CHICAGO -- The Philadelphia Phillies were having trouble getting hits, let alone runs. That changed just in time for them.
"We stayed after them, we stayed with them," Phillies manager Charlie Manuel said.
The winning rally started when Marshall yielded a two-out single by pinch-hitter Ben Francisco. Jimmy Rollins then hit a hard smash off third baseman Aramis Ramirez's glove, putting runners on first and second, and Martinez drove them in with a bloop double down the right-field line.
Martinez got caught in a rundown off second, ending the inning, but the damage was done. The clutch hit made a winner of Michael Stutes (4-1), who pitched two scoreless innings, and Antonio Bastardo struck out the side for his seventh save in seven chances.
"Martinez hit it in a great place, an ideal place," Manuel said. "He was fortunate. I was hoping it was (fair). When it hit, I knew it was fair because I saw it, but when he hit it, I was pulling for it."
Marshall (5-4) gave up three runs and five hits in two innings, spoiling another outstanding start by Garza.
Marshall came in after Rollins led off the eighth with a single, and the game quickly unraveled for the Cubs. Martinez singled before Utley sent his tying hit into left-center.
With the infield in, Castro saved a run when he fielded Shane Victorino's one-out chopper to shortstop and fired home to nail Utley trying to score from third. Marshall struck out Raul Ibanez, but the rally handed another no-decision to Garza.
"I think he can take pride in the fact that he put us in position to win," manager Mike Quade said. "He's pitched well. The last two outings have been really good."
Garza threw seven scoreless innings in his previous start against Florida, but a ninth-inning meltdown by Carlos Marmol sent Chicago to a 6-3 loss.
This time, the 6-foot-4 right-hander held Philadelphia to four hits and received a standing ovation when he departed with a 2-0 lead.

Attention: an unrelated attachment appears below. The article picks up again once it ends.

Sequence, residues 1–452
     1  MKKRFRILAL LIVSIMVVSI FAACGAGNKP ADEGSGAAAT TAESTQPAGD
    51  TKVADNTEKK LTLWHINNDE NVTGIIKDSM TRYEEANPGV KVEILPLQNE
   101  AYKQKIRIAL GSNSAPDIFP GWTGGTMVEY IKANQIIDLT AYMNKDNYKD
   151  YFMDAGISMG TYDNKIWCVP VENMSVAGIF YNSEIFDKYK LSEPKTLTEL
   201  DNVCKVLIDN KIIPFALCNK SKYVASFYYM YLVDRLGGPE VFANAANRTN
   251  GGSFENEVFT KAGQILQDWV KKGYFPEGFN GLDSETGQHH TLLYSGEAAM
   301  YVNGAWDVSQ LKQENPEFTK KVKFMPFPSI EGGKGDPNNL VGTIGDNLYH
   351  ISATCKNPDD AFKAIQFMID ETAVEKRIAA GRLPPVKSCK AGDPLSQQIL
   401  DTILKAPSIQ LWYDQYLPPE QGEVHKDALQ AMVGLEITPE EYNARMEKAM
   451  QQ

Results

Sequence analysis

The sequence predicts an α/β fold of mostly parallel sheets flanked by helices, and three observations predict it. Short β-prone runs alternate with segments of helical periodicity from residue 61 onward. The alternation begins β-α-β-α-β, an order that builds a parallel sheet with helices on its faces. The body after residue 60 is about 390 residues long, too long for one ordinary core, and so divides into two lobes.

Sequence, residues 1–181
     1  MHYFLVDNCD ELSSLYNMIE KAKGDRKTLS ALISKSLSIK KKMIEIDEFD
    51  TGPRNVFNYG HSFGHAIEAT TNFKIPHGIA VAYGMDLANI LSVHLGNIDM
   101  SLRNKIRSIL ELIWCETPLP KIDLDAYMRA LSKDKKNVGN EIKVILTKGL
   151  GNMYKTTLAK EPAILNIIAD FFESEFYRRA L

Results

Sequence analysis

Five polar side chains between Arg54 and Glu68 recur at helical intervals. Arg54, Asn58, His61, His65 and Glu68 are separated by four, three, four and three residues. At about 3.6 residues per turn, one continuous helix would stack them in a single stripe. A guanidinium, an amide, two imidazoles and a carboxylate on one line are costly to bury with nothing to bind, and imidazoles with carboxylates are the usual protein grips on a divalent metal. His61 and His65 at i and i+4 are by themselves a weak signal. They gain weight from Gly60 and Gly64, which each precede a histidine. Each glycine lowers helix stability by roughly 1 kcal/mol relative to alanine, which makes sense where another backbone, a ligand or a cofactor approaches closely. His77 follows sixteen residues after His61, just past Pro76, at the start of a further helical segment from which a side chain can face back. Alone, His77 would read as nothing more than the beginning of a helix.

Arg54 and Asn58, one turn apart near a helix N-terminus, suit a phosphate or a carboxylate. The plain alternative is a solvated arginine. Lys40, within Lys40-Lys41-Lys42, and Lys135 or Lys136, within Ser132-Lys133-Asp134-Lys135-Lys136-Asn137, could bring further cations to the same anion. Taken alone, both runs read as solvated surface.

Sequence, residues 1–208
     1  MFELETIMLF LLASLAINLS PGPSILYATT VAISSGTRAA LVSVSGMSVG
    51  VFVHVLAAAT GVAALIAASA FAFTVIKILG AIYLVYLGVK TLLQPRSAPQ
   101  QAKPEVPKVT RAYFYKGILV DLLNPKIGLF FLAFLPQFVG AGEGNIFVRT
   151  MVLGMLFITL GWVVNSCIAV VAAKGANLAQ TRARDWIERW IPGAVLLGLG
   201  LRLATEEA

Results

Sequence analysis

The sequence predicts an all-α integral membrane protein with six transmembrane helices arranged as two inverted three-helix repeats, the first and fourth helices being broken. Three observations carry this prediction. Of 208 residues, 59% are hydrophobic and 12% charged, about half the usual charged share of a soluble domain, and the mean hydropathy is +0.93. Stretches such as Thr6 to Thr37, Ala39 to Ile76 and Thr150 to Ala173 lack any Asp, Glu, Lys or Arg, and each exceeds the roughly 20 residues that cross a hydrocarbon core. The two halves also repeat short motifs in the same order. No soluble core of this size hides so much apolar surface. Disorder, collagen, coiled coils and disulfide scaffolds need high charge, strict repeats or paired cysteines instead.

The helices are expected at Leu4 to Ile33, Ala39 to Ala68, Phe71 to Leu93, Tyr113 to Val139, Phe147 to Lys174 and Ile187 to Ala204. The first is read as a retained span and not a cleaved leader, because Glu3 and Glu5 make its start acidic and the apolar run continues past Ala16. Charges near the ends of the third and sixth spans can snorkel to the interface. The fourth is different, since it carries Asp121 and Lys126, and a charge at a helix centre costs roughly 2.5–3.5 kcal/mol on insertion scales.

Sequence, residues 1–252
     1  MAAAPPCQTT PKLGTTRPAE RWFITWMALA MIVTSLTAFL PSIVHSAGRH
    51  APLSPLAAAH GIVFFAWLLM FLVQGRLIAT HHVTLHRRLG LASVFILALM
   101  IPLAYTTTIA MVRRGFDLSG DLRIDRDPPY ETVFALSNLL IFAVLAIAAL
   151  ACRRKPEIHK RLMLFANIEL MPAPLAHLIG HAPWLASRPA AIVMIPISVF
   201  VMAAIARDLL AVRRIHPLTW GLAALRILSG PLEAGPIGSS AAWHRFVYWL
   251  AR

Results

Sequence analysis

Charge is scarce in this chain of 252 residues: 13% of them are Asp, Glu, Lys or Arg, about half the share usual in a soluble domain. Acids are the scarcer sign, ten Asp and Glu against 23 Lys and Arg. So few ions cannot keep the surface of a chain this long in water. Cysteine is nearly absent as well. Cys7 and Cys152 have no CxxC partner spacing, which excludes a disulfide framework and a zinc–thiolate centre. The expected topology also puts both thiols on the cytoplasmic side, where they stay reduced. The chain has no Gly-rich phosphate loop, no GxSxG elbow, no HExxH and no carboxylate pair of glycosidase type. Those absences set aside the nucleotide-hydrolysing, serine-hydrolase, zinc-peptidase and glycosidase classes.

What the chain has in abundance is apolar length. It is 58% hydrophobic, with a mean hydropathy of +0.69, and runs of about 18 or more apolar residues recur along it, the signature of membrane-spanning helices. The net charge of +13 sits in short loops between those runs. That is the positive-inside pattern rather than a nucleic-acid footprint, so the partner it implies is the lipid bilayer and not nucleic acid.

But Garza was more annoyed with himself than Marshall. He second-guessed himself for throwing Rollins a curveball rather than a fastball or slider.
"You've got to take that accountability," Garza said.
Lee, meanwhile, settled down after a shaky start. The 2008 AL Cy Young Award winner allowed eight hits, struck out six and walked none before being lifted for pinch-hitter Ross Gload with two on and two out in the seventh.
Gload flied to center to end that threat, but the Phillies came through in the final two innings.
"I had to battle out of some tough spots," said Lee, who stranded two runners in the second and fifth. "That was pretty big to keep it at 2-0. We scored two in the eighth and two in the ninth . that was a heck of a win, that was good."
Phillies All-Star Roy Halladay said he was feeling a lot better after leaving Monday's game because of the steamy conditions and expects to make his next start against San Diego. ... Philadelphia's Roy Oswalt, out with lower back inflammation, was encouraged after throwing nearly 50 pitches in a pain-free bullpen session. He hopes to return early next month. ... Reed Johnson had three hits for Chicago. ... Quade said he had "a good discussion" with Major League Baseball executive vice president of baseball operations Joe Torre about his criticism of the umpires following Sunday's 7-5 loss to the Florida Marlins. "The one thing that's great about having Joe, he's handling that situation and he's been on both sides of it, and he gives you an opportunity to explain. It's not just cut and dry," Quade said. He did not know if the league will discipline him. Quade went off after Sunday's game, saying the umpires made unprofessional comments to his players. He took issue in particular with one call at second base in the top of the eighth, when Florida's Brett Hayes was ruled safe on an attempted pickoff. ... With the July 31 non-waiver trade deadline approaching, OF Alfonso Soriano said he would prefer to stay in Chicago. "I'm not worried about it because I don't have control of that situation," Soriano said. "I just go out and make plays to try and make the team better."